Entries tagged with scandals
Cleverly insouciant or just eye-rollingly bad?February 15th, 2013
I'm all for a good double-entendre, but...
Generally speaking, it takes a lot to get me riled up about 'sexism' in advertising, and I'm not easily offended by references to sex: I had no problems, for example, with that Chapstick ad that got everyone so worked up, and my big problem with those 'Hail to the V' ads was that they seemed kind of racist. (I did draw the line at those rape-referencing Belvedere ads, but they were pretty egregious.)
I have to say I'm not loving these print ads for these Playtex Fresh + Sexy Wipes. There are 4 in all: 2 directed at women (peaches and beavers) and two directed at men (knobs and peckers).
Unlike Summer's Eve and other brands who refer to 'intimate care' and 'freshness', Playtex Fresh + Sexy wipes are euphemism-free: Their website tells you, in large friendly letters, that they're designed to be used before and after sex. Okay, fine, I guess...it sort of gets me thinking about a Victorian-era prostitute having a quick "whore's bath" between clients, eking out her days in a Dickensian garret only to die of syphillis before the age of 25, leaving a couple of tragic starving orphans in her wake - but I realize I'm pretty much alone in that little flight of fancy. And anyway, sometimes I get sick and tired of euphemisms in advertising. I was well into my teens before I realized that 'constipation' referred to bowel movements: All the Correctol laxative ads featured water droplets, so I thought it was for people who couldn't urinate!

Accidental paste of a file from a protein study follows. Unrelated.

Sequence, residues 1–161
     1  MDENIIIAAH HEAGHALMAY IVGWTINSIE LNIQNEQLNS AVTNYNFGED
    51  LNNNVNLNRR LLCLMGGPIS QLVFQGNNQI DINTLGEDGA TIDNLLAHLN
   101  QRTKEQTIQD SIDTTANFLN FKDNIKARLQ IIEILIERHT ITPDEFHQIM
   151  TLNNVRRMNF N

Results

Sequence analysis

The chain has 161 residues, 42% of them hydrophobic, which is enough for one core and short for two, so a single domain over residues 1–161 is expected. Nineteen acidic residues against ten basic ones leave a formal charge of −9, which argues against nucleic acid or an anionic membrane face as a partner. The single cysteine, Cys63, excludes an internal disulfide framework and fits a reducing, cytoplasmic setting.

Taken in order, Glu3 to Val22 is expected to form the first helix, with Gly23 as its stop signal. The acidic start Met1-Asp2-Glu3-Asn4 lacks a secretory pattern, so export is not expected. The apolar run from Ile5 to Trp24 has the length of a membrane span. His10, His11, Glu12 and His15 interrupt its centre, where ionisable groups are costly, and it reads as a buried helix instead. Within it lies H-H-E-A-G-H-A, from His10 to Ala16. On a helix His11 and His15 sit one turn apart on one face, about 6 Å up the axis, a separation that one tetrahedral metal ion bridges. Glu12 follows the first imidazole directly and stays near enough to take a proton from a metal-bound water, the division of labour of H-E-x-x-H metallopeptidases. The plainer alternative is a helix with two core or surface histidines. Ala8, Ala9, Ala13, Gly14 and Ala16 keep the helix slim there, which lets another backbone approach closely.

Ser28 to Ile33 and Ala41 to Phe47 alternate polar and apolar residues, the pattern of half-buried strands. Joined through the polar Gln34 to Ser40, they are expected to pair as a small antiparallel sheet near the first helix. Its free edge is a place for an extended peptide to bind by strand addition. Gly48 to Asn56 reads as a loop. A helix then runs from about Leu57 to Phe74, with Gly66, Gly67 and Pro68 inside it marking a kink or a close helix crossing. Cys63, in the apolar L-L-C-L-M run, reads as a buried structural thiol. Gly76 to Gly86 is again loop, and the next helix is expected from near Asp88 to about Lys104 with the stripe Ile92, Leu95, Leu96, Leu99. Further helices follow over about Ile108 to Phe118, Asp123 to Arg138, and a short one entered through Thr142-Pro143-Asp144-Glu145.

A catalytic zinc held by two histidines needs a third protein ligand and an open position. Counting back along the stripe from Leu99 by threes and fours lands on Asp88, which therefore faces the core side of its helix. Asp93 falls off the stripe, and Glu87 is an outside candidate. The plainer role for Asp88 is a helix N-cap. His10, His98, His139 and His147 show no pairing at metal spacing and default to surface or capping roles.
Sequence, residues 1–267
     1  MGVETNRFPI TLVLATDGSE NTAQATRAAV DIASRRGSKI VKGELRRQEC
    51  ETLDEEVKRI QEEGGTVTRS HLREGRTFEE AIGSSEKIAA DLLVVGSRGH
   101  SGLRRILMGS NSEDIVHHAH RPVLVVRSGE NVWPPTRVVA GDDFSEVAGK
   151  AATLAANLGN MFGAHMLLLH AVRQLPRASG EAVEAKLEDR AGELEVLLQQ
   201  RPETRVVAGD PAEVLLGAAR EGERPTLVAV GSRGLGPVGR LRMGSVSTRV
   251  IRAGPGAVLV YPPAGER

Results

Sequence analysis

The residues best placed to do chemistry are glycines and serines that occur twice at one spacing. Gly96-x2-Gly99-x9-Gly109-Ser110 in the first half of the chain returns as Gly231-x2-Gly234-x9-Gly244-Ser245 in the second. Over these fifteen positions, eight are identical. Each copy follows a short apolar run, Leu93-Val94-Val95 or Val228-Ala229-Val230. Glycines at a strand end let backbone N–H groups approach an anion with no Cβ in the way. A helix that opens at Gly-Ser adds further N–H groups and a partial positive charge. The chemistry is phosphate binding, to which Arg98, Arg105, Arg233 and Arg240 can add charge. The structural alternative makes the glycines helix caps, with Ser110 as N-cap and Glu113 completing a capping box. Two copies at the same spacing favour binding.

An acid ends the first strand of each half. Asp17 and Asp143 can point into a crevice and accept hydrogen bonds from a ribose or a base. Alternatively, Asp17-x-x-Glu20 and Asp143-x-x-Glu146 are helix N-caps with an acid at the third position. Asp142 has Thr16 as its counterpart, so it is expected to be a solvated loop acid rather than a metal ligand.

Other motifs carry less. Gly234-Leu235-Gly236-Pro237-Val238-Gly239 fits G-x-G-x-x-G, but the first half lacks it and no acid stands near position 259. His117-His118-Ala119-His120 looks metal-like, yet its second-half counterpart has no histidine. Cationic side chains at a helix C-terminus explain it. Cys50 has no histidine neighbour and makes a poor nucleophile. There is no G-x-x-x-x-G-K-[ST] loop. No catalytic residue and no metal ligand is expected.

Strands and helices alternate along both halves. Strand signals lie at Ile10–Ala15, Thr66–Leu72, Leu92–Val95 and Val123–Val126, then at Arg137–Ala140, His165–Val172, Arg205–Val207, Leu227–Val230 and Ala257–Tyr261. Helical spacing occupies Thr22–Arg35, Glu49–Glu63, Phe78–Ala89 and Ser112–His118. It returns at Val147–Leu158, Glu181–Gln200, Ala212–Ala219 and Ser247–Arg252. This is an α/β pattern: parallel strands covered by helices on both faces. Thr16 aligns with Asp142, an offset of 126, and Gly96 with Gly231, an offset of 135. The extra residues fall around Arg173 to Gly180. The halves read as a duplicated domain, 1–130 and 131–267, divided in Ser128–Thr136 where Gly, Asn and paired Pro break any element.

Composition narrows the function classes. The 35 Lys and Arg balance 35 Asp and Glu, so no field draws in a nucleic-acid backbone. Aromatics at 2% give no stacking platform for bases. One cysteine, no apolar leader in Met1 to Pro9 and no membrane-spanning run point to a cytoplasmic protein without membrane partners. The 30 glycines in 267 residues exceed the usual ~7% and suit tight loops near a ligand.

No, I think what's bothering me about these ads is that it feels like we've now crossed the final frontier of stuff to get needlessly insecure about. We're already paranoid that we won't attract sexual partners due to our dandruff, our flyaway hair, our incipient wrinkles, our untanned and jiggly bodies, our bad breath and yellowing teeth, our unmanicured nails and our rough, dry elbow skin. Now, having passed all those tests and successfully lured someone home with us, we have to worry that everything will fall apart once they get a whiff of our genitalia. And it's the quantity issue that's particularly galling: These wipes aren't going to give us better sex, just more of it.
So my issue here isn't actually with sexism (the ads are good at making both sexes feel bad about themselves), or even with the use of words like 'pecker' or 'beaver'. No, I think the real problem is that these ads seem to imply that words like 'pecker' and 'beaver' automatically render them amusing and 'edgy', when in fact they just make the reader feel kind of depressed about how everyone else seems to be hooking up all the time while they haven't had a sleepover date in months.
I'm well aware that I'm not the target here. No doubt the target market is urban singles, 18-34, whereas I'm a 40-something married person who happens to be 8.5 months pregnant as I write this. And when you're launching a new product, a little shock value ("OMG, they used 'beaver' in an ad!") is a good way to get some quick brand awareness. But I can't help thinking that if you're going to position your product as a sex aid, maybe you'd do better to make it just a little more aspirational.
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You may not like where your YouTube ads end upJune 27th, 2012